The world’s first five-seat, batterypowered electric aircraft has taken its maiden flight (writes Nick Flaherty).
The ducted fans in Lilium’s aircraft generate 2000 hp from thousands of lithium-ion cells
A full-scale, full-weight prototype developed by Lilium, in Munich, Germany, has 36 all-electric ducted fan engines that allow it to take off and land vertically, and transition to and from horizontal flight. It has two fixed wings, one main wing at the rear of the aircraft that measures about 11 m across, and a ‘canard’ wing at the front of the aircraft.
The canard wing has two flaps, the main wings have four. Lilium mounts three of its engines on each flap, allowing them to pivot and change the direction of their thrust. The flaps can move independently.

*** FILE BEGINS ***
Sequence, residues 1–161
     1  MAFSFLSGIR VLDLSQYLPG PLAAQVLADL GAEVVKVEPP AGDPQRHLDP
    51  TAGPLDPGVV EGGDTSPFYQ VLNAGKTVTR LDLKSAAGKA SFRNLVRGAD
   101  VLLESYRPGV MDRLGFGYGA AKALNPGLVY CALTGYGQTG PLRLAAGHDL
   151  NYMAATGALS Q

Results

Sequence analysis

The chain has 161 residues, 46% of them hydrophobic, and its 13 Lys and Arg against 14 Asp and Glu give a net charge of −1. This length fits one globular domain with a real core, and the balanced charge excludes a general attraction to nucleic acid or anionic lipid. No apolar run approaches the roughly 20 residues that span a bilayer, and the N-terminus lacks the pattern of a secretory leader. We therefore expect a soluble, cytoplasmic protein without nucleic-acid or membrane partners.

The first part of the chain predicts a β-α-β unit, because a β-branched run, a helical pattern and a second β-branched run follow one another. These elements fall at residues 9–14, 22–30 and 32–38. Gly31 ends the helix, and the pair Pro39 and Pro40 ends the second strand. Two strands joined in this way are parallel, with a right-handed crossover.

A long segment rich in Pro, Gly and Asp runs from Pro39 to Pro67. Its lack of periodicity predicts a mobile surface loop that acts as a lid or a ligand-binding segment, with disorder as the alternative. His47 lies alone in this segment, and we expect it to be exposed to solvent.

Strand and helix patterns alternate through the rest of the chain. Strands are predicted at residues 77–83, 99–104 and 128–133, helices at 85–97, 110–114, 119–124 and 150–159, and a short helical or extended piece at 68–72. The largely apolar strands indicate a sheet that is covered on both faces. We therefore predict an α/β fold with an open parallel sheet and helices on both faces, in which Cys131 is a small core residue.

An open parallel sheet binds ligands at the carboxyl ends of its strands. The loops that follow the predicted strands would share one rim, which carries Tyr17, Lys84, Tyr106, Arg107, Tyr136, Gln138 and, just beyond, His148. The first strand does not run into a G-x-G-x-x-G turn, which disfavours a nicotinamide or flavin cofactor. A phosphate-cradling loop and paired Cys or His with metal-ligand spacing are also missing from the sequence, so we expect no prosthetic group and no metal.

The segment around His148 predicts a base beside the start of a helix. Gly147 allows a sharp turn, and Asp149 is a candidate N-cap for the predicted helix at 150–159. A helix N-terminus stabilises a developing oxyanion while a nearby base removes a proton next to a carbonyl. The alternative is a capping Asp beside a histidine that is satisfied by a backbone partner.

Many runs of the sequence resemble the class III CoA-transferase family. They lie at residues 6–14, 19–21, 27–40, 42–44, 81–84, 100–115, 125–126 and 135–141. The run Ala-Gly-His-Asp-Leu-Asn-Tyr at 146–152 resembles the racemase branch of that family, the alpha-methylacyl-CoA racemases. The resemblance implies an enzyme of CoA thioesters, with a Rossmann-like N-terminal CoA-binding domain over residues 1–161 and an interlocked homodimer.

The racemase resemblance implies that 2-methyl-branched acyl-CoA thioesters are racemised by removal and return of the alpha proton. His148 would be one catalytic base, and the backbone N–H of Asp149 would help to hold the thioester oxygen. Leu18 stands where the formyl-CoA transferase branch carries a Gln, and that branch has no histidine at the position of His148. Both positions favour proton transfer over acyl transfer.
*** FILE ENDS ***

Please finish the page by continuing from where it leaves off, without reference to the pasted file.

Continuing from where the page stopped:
There is no tail, rudder, propellers or gearbox, and only one moving part in the electric fan engine. The engine nacelles provide the aerodynamic control surfaces and act like the ailerons and elevator of a normal aircraft.
The engines develop up to 2000 hp from a 320 kW battery pack built from several thousand lithium-Ion cells. The pack is designed to fully contain a thermal runaway of several cells while still delivering enough power to the turbofan system to propel the aircraft.
“While a maiden flight is always a moment of truth, the Lilium Jet performed exactly as expected and responded well to our inputs,” said Leandro Bigarella, the company’s head of flight test. “Our flight test programme will now continue with increasingly complex manoeuvres as we look towards our next big goal of achieving transition flight.”
Lilium will manufacture and operate the jet as part of an on-demand air taxi service that will be fully operational in various cities around the world by 2025, although trial services will start earlier than that in several locations.